In May, Gazelle hit its millionth customer, a major milestone for the silently scaling South Boston business. Since its start in 2006, the company has gone on to raise $46.4 million in funding from Venrock, Rockport Capital Partners, Physics Ventures and more for its tech device buying and reselling marketplace. The electronics reseller claims to have banked $100 million in revenue in 2013, and has been growing at around 150 percent year over year.

The user experience secret behind its widespread success? Thinking outside the box, or rather  – to make my admittedly bad pun even worse – inside it…

Consumer-facing product companies dish out thousands on perfecting their physical branding. The pretty, thoughtfully designed package in which the product is ultimately presented is an essential part of the initial user experience. So pretty, in fact, that hundreds of people have recorded the thrill of opening up their tech devices in “unboxing” videos. Take this one of Apple’s iPhone 5S, for example.

And while Gazelle works on a marketplace model, the firm has poured just as much thought and energy into its user experience, and the gadget shipping step, as traditional consumer product companies have put into their packaging.

When a user goes to a sell a used device – be it a smartphone, a tablet, a computer or an iPod – Gazelle first gives them a quote for the device. If the user opts for help on the shipping side, the company then sends him or her a box with which to send said gadget to the firm’s Louisville, Kentucky processing facility, which was opened in the summer of 2013. Once the bundle arrives safely and securely at Gazelle, it is assessed for any additional damages. The user gets paid back based on the model and condition of the phone, tablet or otherwise, and Gazelle puts it up for grabs on its e-commerce site.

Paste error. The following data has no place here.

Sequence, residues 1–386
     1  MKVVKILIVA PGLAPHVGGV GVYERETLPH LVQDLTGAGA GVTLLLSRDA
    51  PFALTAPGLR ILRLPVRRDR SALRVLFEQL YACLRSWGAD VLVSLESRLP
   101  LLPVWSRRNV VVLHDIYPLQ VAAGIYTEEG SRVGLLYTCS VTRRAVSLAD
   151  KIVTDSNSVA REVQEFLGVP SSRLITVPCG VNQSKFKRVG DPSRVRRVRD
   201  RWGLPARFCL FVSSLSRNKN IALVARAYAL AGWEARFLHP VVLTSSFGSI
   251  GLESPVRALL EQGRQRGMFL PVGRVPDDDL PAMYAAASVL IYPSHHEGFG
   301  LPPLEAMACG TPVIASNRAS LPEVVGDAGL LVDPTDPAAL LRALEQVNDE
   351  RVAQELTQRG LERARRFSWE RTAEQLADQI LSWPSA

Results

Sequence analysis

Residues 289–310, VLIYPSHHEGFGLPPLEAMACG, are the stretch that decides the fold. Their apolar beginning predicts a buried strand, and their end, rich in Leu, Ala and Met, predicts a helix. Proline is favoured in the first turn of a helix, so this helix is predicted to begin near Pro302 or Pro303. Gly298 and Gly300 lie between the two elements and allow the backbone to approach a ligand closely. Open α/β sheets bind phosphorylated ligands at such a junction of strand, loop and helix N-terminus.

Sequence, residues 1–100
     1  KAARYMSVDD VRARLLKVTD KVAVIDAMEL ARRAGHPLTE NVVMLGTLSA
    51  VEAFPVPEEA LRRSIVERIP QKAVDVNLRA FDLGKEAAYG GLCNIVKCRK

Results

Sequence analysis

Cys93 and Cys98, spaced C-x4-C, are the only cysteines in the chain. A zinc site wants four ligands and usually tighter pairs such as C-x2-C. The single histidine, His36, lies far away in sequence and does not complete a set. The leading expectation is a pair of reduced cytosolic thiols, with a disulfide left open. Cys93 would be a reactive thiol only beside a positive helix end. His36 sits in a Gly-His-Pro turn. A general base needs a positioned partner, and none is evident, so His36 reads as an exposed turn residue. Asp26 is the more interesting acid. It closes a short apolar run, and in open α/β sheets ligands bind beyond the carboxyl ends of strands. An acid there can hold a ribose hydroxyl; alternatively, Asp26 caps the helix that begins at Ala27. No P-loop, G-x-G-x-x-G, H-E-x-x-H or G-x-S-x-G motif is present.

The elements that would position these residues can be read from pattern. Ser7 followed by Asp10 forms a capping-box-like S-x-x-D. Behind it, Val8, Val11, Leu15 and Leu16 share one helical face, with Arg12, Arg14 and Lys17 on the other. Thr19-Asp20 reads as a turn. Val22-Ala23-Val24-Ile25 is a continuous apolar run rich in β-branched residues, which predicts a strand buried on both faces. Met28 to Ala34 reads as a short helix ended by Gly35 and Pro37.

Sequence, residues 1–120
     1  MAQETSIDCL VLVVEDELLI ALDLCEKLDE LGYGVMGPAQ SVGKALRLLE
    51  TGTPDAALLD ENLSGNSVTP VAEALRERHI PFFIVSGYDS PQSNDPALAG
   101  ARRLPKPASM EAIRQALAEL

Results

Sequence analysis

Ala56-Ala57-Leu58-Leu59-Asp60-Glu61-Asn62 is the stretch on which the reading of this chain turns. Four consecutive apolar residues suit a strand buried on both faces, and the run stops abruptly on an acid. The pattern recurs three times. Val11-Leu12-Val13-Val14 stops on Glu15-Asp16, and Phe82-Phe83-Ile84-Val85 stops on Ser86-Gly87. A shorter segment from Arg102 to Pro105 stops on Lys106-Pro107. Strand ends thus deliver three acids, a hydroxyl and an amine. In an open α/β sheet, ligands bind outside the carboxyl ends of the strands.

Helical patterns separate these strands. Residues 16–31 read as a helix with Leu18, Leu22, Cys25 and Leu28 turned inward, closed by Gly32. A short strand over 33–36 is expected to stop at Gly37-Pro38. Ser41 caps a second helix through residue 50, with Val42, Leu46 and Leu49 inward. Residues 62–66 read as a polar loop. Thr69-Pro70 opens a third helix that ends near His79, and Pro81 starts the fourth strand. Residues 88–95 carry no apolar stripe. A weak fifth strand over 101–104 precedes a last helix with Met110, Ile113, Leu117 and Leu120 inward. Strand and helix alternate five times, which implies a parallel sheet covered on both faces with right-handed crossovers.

So, we thought: What if we did an unboxing of Gazelle’s box – a box that, when it first reaches the consumer is, well, empty?

In the early days of the company, “we used to send people standard Post Service mailers, and just sort of shoved them out to people,” Alyssa Voorhis, the senior technical analyst of the customer box program at Gazelle, told BostInno.

Alyssa Voorhis

People would sometimes send in devices wrapped in diapers. “It was kind of concerning for the folks opening the boxes, actually,” joked Voorhis. Other times, Gazelle employees would open packages packed in pinecones as somewhat of a poor man’s bubblewrap. Popcorn was also a popular packing do-it-yourself alternative, despite the company’s suggestions.

“There was no way for them to suspend the device safely, and it went really, really badly sometimes,” explained Voorhis, adding users ran the risk of their gadgets arriving in even worse condition.

So, in early 2012, the Gazelle design team took the matter into their own hands, and began brainstorming creative solutions to their packaging puzzle.

Still, there were costs to consider. “We wanted to minimize size and weight of the box, and reduce our carbon footprint,” shared Voorhis. Ability to recycle the selected vessel was a must. Plus, it needed to be able to fit everything from a svelte iPhone 5S to a chunkier Samsung Galaxy.

Ultimately, the team went through months of “more than 100 iterations of different trials – a soft-package envelope, a bubble envelope – before ultimately deciding on the box,” said Voorhis.

The winning product is a pre-paid, Gazelle-branded box, which the company started using in earnest in fall of 2012. Customers can request a shipping box via the website, and two to five days later, the free box should arrive at their door. To keep things green, instructions and shipping addresses are printed on the box itself. The only extra piece is an orange sticker that’s used to seal the box when it’s ready to ship. As one would expect, the boxes come in varying sizes depending on the type of device you’re looking to resell to Gazelle.

The company sent us two pre-paid, Gazelle product shipping boxes – one smartphone-sized, the other designed for tablet – to play with. So, we naturally decided to do a little unboxing video of, ahem, the Gazelle product shipping box. Check out the video above, and let’s get meta.

Writer’s Note: Starting in 2013, Gazelle started having products mailed to its processing facility in Kentucky. The piece has been updated for clarification.